By Tuifa'asisina Peter Rees

The 2005 AFL International Cup that took place in Melbourne in August was a triumph for the Pacific nations, despite the unfortunate late withdrawal of Nauru due to economic struggles.

Papua New Guinea and New Zealand contested the grand final with the Kiwis winning their first major Aussie Rules title while for PNG it was their second consecutive finals appearance.

To further illustrate the Pacific dominance, Samoa took out the top individual award when their captain Fia Tootoo was voted the Most Valuable Player (MVP) with Navu Maha of PNG. It was the second consecutive time Tootoo has won the award after being adjudged the outstanding player in 2002.

Samoa finished fifth, two places better than it did in 2002. They just missed out on the semi-finals after beating Canada, South Africa and Great Britain. The two games they lost were against eventual finalists New Zealand and Papua New Guinea.

New Zealand and PNG got into the grand final after beating 2002 champions Ireland and surprise packets USA in the semis.

The grand final was a spectacular affair as the game was the curtain raiser for an official AFL game at the home of Aussie Rules at Melbourne's magnificent MCG stadium which can seat up to 80,000 spectators. New Zealand proved too good in the final with their height and aerial game out manoeuvring the skilful but outsized PNG players. New Zealand 7.8.(50) defeated PNG 5.2.(32).

It is no wonder AFL officials are following the lead of rugby union and rugby league and looking more to the island nations as a talent pool. It was a change in mindset that gained more momentum in the mid 1990's.

Previously, Aussie Rules was seen as the national game of Australia without thought of globalisation. That changed as the game spread to over 44 countries due mostly to ex-pat Australians introducing the game to locals. In the 1930s and 1950s the game was first introduced to the Pacific Islands in Nauru and Papua New Guinea respectively.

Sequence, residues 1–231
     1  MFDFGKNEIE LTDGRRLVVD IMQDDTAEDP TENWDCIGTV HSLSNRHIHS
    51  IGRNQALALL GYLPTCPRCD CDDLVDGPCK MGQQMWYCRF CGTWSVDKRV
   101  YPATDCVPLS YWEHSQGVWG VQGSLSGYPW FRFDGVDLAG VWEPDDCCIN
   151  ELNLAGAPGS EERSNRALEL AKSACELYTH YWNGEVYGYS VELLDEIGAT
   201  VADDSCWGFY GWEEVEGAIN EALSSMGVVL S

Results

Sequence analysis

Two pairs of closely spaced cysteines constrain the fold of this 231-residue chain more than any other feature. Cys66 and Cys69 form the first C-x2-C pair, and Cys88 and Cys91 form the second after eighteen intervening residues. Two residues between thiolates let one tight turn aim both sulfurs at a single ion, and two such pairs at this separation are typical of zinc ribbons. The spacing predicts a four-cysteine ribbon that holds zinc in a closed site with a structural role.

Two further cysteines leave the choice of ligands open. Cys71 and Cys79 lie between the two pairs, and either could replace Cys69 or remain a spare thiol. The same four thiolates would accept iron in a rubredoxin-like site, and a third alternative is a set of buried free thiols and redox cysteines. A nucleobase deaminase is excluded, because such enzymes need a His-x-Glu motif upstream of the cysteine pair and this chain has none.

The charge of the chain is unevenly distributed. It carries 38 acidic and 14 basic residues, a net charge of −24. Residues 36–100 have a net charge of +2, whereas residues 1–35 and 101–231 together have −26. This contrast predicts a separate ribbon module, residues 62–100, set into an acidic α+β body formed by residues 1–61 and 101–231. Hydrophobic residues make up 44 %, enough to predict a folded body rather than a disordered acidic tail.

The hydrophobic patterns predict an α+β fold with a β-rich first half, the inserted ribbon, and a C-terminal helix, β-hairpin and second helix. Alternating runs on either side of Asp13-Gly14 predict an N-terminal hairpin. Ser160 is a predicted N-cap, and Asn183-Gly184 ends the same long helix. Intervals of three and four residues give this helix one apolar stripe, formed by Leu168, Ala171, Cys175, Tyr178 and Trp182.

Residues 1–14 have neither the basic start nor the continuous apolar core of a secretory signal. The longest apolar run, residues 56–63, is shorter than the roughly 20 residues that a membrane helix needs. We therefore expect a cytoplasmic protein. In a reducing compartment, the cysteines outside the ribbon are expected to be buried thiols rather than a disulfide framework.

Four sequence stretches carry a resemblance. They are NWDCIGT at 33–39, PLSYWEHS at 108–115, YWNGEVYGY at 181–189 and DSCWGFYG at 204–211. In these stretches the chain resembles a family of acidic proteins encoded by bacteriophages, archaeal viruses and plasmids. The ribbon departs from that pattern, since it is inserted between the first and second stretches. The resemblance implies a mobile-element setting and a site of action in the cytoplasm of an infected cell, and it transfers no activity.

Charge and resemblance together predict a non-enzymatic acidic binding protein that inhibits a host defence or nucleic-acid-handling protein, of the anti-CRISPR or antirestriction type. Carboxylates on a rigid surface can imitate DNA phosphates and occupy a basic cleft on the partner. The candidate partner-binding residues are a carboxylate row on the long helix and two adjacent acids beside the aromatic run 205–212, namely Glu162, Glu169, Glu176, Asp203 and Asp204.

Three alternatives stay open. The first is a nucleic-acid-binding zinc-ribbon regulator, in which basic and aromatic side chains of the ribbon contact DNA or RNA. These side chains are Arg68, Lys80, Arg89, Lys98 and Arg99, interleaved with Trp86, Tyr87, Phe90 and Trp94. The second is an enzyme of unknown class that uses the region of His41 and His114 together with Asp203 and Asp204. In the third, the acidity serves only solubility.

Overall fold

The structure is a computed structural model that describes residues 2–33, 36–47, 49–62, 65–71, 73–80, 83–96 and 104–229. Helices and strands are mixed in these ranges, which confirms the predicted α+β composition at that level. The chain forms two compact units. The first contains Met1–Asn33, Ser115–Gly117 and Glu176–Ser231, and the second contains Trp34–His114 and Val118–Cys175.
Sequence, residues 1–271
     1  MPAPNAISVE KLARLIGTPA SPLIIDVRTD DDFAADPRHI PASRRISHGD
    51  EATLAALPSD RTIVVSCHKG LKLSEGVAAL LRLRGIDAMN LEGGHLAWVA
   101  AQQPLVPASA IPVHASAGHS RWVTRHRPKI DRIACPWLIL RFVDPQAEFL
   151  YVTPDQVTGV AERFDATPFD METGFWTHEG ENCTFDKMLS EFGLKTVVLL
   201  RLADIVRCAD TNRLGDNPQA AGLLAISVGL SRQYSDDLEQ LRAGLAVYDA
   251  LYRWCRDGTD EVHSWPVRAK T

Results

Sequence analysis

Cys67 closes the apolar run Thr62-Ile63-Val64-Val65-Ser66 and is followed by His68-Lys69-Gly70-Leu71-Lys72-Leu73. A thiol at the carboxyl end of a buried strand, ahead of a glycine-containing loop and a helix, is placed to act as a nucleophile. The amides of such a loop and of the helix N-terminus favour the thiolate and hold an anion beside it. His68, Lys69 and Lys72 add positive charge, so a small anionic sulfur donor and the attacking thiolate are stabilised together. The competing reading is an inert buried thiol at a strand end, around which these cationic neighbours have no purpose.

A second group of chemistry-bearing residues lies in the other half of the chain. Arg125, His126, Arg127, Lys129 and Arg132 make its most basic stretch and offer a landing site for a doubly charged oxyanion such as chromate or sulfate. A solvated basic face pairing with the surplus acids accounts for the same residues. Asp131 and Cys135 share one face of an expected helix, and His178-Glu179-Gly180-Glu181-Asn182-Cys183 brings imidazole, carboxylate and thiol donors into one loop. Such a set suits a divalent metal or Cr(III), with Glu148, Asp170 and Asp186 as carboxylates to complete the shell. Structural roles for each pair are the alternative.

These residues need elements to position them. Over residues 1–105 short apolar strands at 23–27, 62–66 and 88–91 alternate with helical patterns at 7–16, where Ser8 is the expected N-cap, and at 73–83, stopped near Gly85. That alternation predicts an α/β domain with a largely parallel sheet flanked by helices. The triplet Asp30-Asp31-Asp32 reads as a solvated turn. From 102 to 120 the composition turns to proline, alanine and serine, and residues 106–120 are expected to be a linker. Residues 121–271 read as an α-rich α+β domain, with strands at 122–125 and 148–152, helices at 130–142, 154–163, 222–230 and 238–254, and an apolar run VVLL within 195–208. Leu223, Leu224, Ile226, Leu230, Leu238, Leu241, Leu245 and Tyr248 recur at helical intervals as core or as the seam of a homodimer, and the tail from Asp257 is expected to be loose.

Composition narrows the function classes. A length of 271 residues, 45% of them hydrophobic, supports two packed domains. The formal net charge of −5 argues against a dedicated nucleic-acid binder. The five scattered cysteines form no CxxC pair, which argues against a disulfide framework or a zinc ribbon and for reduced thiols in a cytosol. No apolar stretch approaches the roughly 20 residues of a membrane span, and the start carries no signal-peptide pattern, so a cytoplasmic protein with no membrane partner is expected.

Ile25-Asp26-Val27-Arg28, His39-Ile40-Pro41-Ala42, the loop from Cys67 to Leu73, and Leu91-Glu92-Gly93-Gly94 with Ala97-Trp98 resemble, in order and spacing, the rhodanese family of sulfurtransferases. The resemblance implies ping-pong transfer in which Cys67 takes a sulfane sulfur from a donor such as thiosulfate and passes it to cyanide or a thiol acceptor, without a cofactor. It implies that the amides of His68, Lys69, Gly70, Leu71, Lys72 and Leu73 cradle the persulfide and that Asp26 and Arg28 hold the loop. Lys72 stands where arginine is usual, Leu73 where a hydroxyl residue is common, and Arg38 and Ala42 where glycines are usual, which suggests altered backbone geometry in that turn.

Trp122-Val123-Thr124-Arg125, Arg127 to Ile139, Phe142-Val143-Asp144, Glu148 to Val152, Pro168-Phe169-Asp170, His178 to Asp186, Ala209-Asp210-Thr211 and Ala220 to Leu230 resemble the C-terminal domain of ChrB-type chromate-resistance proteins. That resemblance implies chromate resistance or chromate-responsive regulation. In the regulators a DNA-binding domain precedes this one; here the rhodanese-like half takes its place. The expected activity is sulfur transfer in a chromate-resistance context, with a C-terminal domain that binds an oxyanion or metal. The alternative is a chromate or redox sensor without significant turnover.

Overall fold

Today, tiny Nauru regards Aussie Rules as its national sport while PNG has over 20,000 players to call on. By the 1990's, the game had gained a foothold in Fiji, Samoa, Solomon Islands, Tonga and even Niue. The AFL set up the International Australia Football Council (IAFC) in 1995 to monitor the international game.


New Zealand celebrates with the AFL International Cup trophy after beating Papua New Guinea in the final. (Photo: Courtesy World Footy News)

The Papua New Guinea Mosquitoes line up for the singing of their country's national anthem before playing NZ in the finals. (Photo: Courtesy World Footy News)

Samoa performing the siva tau before playing Canada; with Samoan captain Fia Tootoo as co-MVP of the 2005 AFL International Cup. (Photo: Courtesy SARFA)

The IAFC has assisted with funding and technical assistance. AFL clubs have also done their bit by establishing their own partnerships with the island nations.

The AFL approved the holding of the inaugural International Cup in 2002 which saw eleven countries taking part. Of that number, three were from the Pacific; Papua New Guinea, Samoa and Nauru. The tournament proved to Australian officials that the Pacific was a rich breeding ground of talent. Fast forward three years and officials are already describing the 2005 International Cup as a vast improvement on 2002 with the teams more competitive.

Plans for the 2008 AFL International Cup are already underway with the AFL looking to incorporate the tournament with their 150 anniversary celebrations. From 2008 on, the AFL intends on launching an AFL World Cup to run every four years.

The AFL is also keen to market the game more in the Pacific. They feel the game is suited the islanders with the mix of kicking, running, tackling and jumping involved in this fast paced game. They are trying to recruit Brisbane Lions' Mal Michael who is from Papua New Guinea, and Richmond's David Rodan of Fiji as ambassadors in their bid to include Aussie Rules as a sport in the 2007 South Pacific Games programme.

1st New Zealand
2nd Papua New Guinea
3rd USA
4th Ireland
5th Samoa
6th Great Britain
7th Canada
8th South Africa
9th Japan
10th Spain

2005 AFL International Cup All Stars Team (picked from the tournament's best players as voted):
Navu Maha (PNG)*, David Gavara-Nanu (PNG), Stanley Tapend (PNG), Alister Sioni (PNG), Richard Bradley (NZ), Andrew Congalton (NZ), Craig Ashton (NZ), James Bowden (NZ), Todd Danks (NZ), James Brunmeier (USA), Donnie Lucero (USA), Michito Sakaki (Japan), Mtutuzeli Hlomela (South Africa), Steven Malinga (South Africa), Clifford Richardson (Ireland), Mike Finn (Ireland), Rob Burgess (Great Britain), Jose Francisco Lorente (Spain), Fia Tootoo (Samoa)*, Mateta Kirisome (Samoa), Rob McEwan (Canada), Paul Loghanne (Canada).


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